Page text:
Monday, 21 November 2011

Joe Turner, Pete Johnson, 1938

[This post is dedicated to Brooklyn Baby, who loves boogie-woogie. So do I.]

In the mid-1950s, rock 'n' roll was the new thing and we'd spend summer evenings hanging out on the stoop listening to Alan Freed on WINS. Some early r&r hits had "camp" appeal, meaning they were so silly (make that stupid) that we enjoyed them. Ling Ting Tong by the Five Keys springs to mind; it begins, "I went to Chinatown / Way back in old Hong Kong / To get some egg foo young / And then I heard a gong..." -- and goes downhill from there.

Some of the records Freed played stirred me: Ray Charles' I Got A Woman, Joe Turner's Chains of LoveHoney Hush, Flip Flop 'n' Fly, Corinne Corinna, Shake Rattle 'n' Roll. (To me the Bill Haley megahit cover record of SR&R was, and is, unlistenable.) I've said in a prior post that in 1954 we teenagers thought Joe Turner was a new singer. How little we knew. In the Shapiro-Hentoff oral history Hear Me Talkin' To Ya, pianist-composer Mary Lou Williams recalls the heyday of Kansas City jazz during the early to mid-'30s:

A wild Twelfth Street spot we fell in regularly was the Sunset, owned by Piney Brown who loved jazz... Pianist Pete Johnson worked there... Now the Sunset had a bartender named Joe Turner and while Joe was serving drinks he would suddenly pick up a cue for a blues and sing it right where he stood, with Pete playing piano for him. I don't think I'll ever forget the thrill of listening to big Joe Turner shouting and sending everybody, night after night, while mixing drinks. Pete Johnson was great on boogie, but he was by no means solely a boogie player. It was only when someone like Ben Webster, the Kaycee-born tenor man, yelled "Roll for me -- come on, roll 'em, Pete, make 'em jump," that he would play boogie for us.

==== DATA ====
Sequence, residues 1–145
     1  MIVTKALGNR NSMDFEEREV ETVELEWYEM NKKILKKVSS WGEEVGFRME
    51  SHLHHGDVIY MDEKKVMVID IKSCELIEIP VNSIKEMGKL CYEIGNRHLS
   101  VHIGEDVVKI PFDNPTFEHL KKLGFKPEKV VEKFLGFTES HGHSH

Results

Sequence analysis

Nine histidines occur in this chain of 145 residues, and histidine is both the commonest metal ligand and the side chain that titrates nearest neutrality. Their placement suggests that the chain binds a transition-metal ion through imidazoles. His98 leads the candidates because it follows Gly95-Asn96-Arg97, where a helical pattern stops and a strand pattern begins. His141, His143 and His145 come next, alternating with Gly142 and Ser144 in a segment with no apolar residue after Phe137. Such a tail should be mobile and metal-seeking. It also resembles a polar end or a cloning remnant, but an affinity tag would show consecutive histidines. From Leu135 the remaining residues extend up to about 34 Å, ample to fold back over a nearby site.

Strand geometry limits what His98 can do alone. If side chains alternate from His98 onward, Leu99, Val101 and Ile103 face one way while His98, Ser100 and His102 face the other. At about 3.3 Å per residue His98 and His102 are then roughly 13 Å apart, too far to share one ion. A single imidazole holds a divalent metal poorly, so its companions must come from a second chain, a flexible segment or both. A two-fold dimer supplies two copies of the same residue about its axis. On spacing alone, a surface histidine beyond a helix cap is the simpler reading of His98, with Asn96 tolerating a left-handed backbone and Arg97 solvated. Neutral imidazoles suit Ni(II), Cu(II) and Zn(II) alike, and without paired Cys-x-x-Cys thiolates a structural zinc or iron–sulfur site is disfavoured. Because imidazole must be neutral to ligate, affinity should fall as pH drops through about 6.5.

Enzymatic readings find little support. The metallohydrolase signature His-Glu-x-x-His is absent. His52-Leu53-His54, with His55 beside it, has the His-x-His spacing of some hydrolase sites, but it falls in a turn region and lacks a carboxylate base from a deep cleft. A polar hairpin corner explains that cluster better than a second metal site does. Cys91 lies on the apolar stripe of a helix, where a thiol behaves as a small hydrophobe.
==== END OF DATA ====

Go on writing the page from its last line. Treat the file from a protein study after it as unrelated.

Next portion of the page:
In 1938 impresario John Hammond brought boogie-woogie east for his "From Spirituals to Swing" concert at Carnegie Hall, thus igniting a national boogie-woogie craze. This live recording from that concert is the closest we'll get to hearing what the singing bartender and Pete Johnson sounded like at the Sunset Club. Turner's magnificent voice fills the hall as amply as any heldentenor. As for Johnson, nobody did it better.

Roll 'em, Pete.

1 comment:

  1. They were powerful messengers of fierce joy, weren't they? Columbia has never reissued on CD the 1967 reunion at Carnegie Hall . . . also called FROM SPIRITUALS TO SWING -- where Big Joe and Pete came onstage to swing out so beautifully. It didn't hurt that their colleagues in swing were Buck Clayton, Ed Hall, Buddy Tate, Ray Bryant, Milt Hinton, and Jo Jones. There's also a SWINGIN' THE BLUES where a fellow named William Basie is at the piano. As my dear friend S. Jones is wont to say, "Couldn't they get anybody good?" Nice post, Kid: thanks for the swingology!